# Smoothly parameterized ease curve

## weblog/

Using polynomial ease curves, it's easy to create a function f(x) which obtains f(0) = 0 and f(1) = 1 as well as reaching 0 derivatives f'(0) = 0, f'(1) = 0, f"(0) = 0, f"(1) = 0, etc. One can start with a simple cubic polynomial: f(x) = 3x²-2x³ which achieves first order smoothness (i.e. f'(0) = 0 and f'(1) = 0. Then we can compose this to have higher and higher continuity f(f(x)), f(f(f(x))). This creates a 9th and 27th order polynomials. Here's a sequence of repeated composing this cubic function. The title shows the order: We can also derive such a smooth, symmetric polynomial ease curve for any order 2*k+1, k in ℕ+ polynomial. Thus with k we can have finer, albeit incremental, control over the shape of the function. Here's a ruby script to generate a maple script that will generate the necessary coefficients (there must be a pattern here, but I'm too lazy right now to find it):

``````#!/opt/local/bin/ruby
# Script to generate Maple code for solving for 2*k+1 order polynomial f(x)
# with value f(0) = 0, f(1) = 2 and d<sup>k</sup>f/dx<sup>k</sup>|<sub>0</sub> = 0 d<sup>c</sup>f/dx<sup>c</sup>|<sub>1</sub> = 1, c=1,...,k
smoothness = 3
(1..smoothness).each do |k|
as = (k+1..2*k+1).map{|c| "a#{c}"}.join(",");
puts "f := (#{as},x) -> "
puts "  #{(k+1..2*k+1).map{|c| "a#{c}*x^#{c}"}.join("+")};"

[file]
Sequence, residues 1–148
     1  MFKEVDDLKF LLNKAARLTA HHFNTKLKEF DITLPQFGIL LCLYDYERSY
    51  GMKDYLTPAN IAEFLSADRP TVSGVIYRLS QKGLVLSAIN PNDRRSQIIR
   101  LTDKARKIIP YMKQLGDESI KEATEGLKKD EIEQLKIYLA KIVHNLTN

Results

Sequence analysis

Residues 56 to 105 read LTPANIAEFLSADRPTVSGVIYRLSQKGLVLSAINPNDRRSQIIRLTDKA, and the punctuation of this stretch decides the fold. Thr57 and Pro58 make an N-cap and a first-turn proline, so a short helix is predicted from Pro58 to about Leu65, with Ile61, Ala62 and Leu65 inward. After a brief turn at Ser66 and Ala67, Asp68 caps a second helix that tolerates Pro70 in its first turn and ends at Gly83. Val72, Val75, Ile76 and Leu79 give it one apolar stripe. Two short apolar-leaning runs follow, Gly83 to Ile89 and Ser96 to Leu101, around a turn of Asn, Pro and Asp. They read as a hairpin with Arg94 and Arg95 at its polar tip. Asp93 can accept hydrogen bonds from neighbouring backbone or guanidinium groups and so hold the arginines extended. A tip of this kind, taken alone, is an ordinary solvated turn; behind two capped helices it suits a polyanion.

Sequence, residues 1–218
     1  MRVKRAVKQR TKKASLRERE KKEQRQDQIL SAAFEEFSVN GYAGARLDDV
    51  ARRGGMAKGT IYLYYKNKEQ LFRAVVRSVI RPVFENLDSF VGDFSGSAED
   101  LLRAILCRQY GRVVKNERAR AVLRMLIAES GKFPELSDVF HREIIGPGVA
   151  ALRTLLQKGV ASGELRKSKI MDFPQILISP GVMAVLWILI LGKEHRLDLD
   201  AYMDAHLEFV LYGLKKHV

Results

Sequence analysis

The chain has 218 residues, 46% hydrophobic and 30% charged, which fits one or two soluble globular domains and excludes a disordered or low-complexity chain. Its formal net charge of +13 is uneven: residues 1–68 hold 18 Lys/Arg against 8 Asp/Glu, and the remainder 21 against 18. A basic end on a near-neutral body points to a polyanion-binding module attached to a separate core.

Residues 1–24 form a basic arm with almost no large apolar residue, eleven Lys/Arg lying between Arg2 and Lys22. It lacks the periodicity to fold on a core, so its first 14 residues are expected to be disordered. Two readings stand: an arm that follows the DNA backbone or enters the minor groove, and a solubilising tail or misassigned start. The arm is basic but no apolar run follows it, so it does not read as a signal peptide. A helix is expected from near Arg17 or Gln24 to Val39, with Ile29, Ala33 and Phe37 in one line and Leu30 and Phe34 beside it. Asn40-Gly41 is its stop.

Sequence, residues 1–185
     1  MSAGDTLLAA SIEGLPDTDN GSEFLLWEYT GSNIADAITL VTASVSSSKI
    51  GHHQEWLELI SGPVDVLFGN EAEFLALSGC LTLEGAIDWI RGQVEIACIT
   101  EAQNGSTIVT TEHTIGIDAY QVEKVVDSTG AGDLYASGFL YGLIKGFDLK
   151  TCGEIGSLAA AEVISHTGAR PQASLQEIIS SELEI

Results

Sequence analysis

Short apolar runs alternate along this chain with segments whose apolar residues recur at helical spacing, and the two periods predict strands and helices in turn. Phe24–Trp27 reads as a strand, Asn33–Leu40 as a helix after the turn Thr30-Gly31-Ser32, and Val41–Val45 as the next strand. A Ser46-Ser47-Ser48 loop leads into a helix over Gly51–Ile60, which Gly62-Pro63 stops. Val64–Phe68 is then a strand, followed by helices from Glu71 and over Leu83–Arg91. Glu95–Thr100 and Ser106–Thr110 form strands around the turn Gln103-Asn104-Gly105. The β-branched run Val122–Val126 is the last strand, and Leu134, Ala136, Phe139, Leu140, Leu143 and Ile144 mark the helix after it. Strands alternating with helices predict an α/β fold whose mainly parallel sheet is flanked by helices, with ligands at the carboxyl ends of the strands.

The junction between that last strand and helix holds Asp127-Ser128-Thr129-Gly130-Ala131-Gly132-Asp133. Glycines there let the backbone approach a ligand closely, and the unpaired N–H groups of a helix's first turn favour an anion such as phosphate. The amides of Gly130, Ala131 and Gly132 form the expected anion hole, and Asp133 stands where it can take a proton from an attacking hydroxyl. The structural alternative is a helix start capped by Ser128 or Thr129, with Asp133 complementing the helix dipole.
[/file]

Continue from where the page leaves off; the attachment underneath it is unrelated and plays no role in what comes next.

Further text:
puts "solve({"
puts "  f(#{as},0)=0,"
puts "  f(#{as},1)=1,"
diffs = (1..k).map do |c|
"  eval(diff(f(#{as},x),#{(1..c).map{|d| "x"}.join(",")}),x=0)=0,\n"+
"  eval(diff(f(#{as},x),#{(1..c).map{|d| "x"}.join(",")}),x=1)=0"
end
puts "#{diffs.join(",\n")}},"
puts "  {#{(k+1..2*k+1).map{|c| "a#{c}"}.join(",")}});"
end
``````

Using these coefficients we can plot the first few: These sequences converge on a scaled and shifted Heaviside step function. But we only have an integer-valued parameter. It'd be nice to have a smooth parameter. If we only cared about this property of the curve getting steeper in the middle as we increase or parameter (while maintaining interpolation and at least C1 continuity, then we could try to do this with a cubic spline. Now we can smoothly increase the steepness, but before reaching the step function the spline curves to far, losing injectivity when treated as a function of x. The fact the we cannot reproduce the Heaviside function with a cubic spline should have been obvious anyway. The Heaviside function is loosely a degree ∞ polynomial, with ∞ smoothness at 0 and 1. We can achieve what we want by taking a function which indeed converges to the Heaviside step function: f(x) = 1/(1+e-2tx). We can adapt this to our unit square domain and enforce interpolation for any k: g(x) = (f(2x-1)-1/2)/(f(1)-1/2)/2+1/2, or in MATLAB:

``````g = @(x,t) (1./(1+exp(-2*t*(2*x-1)))-1/2)/(1./(1+exp(-2*t*1))-1/2)/2+1/2);
``````

This function behaves pretty nicely for t in (0,∞), going from a linear function to the Heaviside step function: To achieve kth order continuity at our endpoints we can just run this function through (i.e. compose with) one of the 2k+1 order polynomials above. That way, with t we smoothly span a whole space of kth order smooth ease curves. For example, if h(x) = 3x²-2x³ then this is h(g(x)):